When I’m having a bad day, I tend to either spend the afternoon taking it out on my punch bag, or I lock myself in my office to write. I do not go on a shooting rampage. I’m certain everyone reading this could say the same. But unfathomably, that, according to Atlanta police captain Jay Baker, is exactly what happened on Tuesday: a white man was having a particularly “bad day” and eight Asian people died, six of whom were women.
Days later I am still struggling to untangle my thoughts. One sentiment that I can’t shift though, is that I am shocked but not surprised. Though the suspect, named as Robert Aaron Long, has denied a racist motive, the past year has seen an increase in anti-aidan hate crimes worldwide.
A new study from the University of California suggests that former President Donald Trump's inflammatory rhetoric around Covid - referring to it as the “China virus” and even “kung flu” - helped spark anti-Asian Twitter content and "likely perpetuated racist attitudes." And in the past year, there have been 3,800 reported incidents of anti-Asian violence according to the group Stop AAPI Hate - mostly against women.
What happened in Atlanta is horrific and deeply upsetting for all Asians over the world. There has been a flood of #s out there notably #StopAsianHate. Whilst I can’t speak for others, I’m not a big fan of ‘Asian Lives Matter’ because it feels like it’s hijacking the ‘BLACK LIVES MATTER’ movement. That’s not our fight. It is hard to dismiss the feeling that Asians don’t matter as much – we’ve been portrayed as submissive, hardworking, quiet immigrants. We’v been left out of the general conversation regarding racism for so long that it feels like society is only finally waking up to anti-Asian hatred and crimes.
I would also argue that this tragic incident is a result of the way Asian women are stereotyped and hyper-sexualised, particularly in film, television and in the media. I’ve lived with these stereotypes most of my life. When someone asked me why, if I’m from Hong Kong, I don’t have ‘chinky eyes’, I was shocked but not surprised. When I was asked if I speak ‘ching-chong’ language, I was appalled but not surprised. Even when I was dubbed the ‘Dragon Lady’ at a previous place of work by a white male colleague, I was angry and hurt but not surprised.
I believe in part, this is cultural. I can only speak from the point of view of someone who grew up in colonial Hong Kong, but I was always taught to be obedient, quiet, hard-working and ‘not to cause trouble’, even if I knew the other person was doing wrong. If a white man jumped the queue in front of us, we never said anything. If white men were rowdy in bars or clubs in Hong Kong, if they were handsy with the local patrons or staff, situations would be diffused defused with politeness, and often resulted in the white men being allowed to continue and repeat the same behaviour.
Growing up we were taught that ‘white was right’, ‘white is King’ – the white man could do whatever he wanted and however he wanted. He was haloed. I experienced this first-hand. I myself am half-white and know all too well the personal privileges whiteness brings. I witnessed how my ex-pat white friends got away with things locals never would.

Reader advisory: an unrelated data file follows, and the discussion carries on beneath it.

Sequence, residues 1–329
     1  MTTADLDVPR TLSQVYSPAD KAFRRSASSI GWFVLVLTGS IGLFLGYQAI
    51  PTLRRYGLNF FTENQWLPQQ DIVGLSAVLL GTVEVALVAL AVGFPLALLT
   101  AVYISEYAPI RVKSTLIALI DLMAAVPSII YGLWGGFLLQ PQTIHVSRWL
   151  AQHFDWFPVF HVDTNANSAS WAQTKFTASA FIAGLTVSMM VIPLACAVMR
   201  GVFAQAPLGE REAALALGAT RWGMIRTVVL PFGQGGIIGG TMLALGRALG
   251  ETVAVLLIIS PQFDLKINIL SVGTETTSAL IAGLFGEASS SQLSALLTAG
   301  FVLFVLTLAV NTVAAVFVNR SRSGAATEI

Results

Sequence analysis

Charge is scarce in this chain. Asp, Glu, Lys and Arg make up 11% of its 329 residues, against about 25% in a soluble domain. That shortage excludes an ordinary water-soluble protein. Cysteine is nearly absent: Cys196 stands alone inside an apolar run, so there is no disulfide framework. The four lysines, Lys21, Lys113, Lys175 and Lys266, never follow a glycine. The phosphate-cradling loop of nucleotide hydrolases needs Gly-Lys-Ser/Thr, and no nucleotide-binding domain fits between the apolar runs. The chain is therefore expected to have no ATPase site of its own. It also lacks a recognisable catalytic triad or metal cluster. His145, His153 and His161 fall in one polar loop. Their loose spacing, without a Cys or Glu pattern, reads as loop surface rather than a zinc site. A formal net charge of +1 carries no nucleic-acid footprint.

On screen , we are portrayed as ‘China Dolls’ - the hyper-sexualised submissive petite bodies waiting to satisfy the fetish of the white man - ‘Dragon Ladies’; accomplices in this service.
In Full Metal Jacket, the only time an Asian woman speaks is of a Vietnamese prostitute approaching two American soldiers. In Ex Machina, Sonoya Mizuno plays a mute Japanese servant who was only created to serve Nathan - a white man. She is depicted as obedient, compliant and dances erotically for Nathan’s pleasure. When she collaborates to be free of her mistreatment, Nathan destroys her.
In 2012 Amy Schumer’s standup, the tightness of Asian women’s genitalia was used as a punch-line. Asian women were essentially accused of stealing white women’s boyfriends on account of having ’the smallest vaginas in the game’.
In Kill Bill vol.1 Lucy Liu plays O-Ren Ishii who only rose to the top of the crime organisation Crazy 88 through her utter ruthlessness. The film does not depict the complexities of how and why O-Ren Ishii’s story expect a very brief scene form her childhood.
In Rush Hour 2 where the only named female Asian character Hu Li played by Zhang Ziyi is a villain. Or in the same film there’s a scene where Carter and Chan are at a massage parlour in Hong Kong. An Asian ‘Madam’ pulls back a curtain to a group of Asian women, lined up like they would be produce in a meat market ready to serve any main, to be picked out like something out of a Chinese takeaway menu.
This was the image that immediately flashed up in my mind, as I read the shooter had targeted massage parlours. Though there is no indication the locations he targeted provided prostitution services, by claiming he was punishing Asian women responsible for his “temptation” by “eliminating” them, the shooter had inadvertently pointed to exactly the crux of the problem. This tragedy is what happens when white supremacy, fragile male ego, misogyny and a culture of hyper-sexualisation of Asian women intersect.
This piece was published in the Telegraph on 20th March and can be viewed HERE.